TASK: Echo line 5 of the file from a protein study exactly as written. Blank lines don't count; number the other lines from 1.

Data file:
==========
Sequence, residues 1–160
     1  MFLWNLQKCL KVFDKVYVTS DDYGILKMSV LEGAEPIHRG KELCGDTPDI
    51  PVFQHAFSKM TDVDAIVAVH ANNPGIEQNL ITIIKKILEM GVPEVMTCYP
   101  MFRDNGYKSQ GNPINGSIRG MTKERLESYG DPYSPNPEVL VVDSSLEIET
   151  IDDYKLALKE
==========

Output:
   151  IDDYKLALKE